Sunday, June 11, 2006

Amateur vs. Professional

This morning on NPR’s Weekend Edition I heard a review of The Stolen Child, by Keith Donohue, a book I have not yet read, but which fits in with my current interest in magical realism. Along with the review was a story about how good this book’s sales have been, due in large part to’s decision to bypass professional book reviewers, and instead ask for reviews from their amateur reviewers. These amateur reviewers liked the book, and thus sales have been brisk.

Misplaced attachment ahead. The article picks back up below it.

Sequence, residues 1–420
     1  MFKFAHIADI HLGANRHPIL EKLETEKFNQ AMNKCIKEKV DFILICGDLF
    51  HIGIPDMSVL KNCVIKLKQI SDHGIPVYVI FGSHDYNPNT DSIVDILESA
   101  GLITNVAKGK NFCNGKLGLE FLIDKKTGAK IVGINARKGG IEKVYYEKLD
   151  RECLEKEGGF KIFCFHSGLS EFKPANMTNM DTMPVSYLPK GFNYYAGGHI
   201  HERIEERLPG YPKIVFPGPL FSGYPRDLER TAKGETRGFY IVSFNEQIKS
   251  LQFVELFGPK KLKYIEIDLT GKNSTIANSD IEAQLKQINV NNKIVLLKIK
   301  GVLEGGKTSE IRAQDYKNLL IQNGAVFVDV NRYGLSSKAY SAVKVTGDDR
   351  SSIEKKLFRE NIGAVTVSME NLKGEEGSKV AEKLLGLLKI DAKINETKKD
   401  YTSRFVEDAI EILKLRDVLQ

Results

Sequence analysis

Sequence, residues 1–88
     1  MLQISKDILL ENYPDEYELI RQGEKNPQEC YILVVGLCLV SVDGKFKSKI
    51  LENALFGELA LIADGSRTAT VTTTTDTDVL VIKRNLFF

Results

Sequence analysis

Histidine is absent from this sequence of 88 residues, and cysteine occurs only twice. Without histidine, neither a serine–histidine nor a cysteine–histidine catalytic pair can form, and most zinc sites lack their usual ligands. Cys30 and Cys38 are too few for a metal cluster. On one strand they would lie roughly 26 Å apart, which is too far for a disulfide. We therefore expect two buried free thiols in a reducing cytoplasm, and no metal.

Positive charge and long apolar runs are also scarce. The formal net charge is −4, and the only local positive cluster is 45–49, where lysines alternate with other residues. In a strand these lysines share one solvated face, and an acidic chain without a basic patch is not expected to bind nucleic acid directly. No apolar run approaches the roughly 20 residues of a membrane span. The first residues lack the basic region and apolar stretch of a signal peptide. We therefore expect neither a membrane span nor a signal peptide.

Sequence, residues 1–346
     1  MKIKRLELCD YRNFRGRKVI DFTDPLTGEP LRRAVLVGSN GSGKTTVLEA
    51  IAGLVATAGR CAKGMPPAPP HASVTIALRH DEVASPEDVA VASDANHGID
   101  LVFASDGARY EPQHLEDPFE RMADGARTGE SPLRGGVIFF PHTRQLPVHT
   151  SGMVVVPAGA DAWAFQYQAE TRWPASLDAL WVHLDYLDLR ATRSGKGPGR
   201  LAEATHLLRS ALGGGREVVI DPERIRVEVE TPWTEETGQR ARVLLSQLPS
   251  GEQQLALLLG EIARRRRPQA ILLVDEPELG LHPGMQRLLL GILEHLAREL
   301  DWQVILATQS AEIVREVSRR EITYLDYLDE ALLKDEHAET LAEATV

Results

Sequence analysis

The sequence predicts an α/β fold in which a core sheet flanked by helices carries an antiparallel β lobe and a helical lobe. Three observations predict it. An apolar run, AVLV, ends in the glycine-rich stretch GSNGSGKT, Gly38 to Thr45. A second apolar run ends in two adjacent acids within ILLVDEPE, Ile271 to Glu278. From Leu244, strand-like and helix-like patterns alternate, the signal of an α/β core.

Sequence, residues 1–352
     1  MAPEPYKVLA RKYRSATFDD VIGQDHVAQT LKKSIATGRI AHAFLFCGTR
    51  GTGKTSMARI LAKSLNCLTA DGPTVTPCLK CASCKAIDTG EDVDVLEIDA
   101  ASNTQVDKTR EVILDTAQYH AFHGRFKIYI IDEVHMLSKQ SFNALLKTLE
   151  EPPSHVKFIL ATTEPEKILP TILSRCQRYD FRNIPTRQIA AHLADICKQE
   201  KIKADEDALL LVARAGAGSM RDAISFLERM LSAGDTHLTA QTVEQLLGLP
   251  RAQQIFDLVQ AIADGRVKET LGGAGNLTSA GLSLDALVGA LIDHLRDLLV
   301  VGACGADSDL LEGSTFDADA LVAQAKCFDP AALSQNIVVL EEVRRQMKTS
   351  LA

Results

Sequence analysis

A professional book reviewer, John Freeman, of the National Book Critic’s Circle was asked his opinion of this trend, and he said the most ridiculous, inane thing I’ve ever heard. He said that letting amateurs review a book was a bad idea, because they can’t read a book with the same care as a professional reviewer, that only professional reviewers can really take the time to sit and immerse themselves in a book, and read it the way that a novelist would like it to be read. The reason we amateurs can’t possibly devote enough time to the important task of reading? It’s because we “have jobs,” he says. So let me get this straight: novels can really only be appreciated by professional reviewers, and the rest of us are just idiot working stiffs who read too quickly to appreciate the nuances? Right, I get it. What a wanker.


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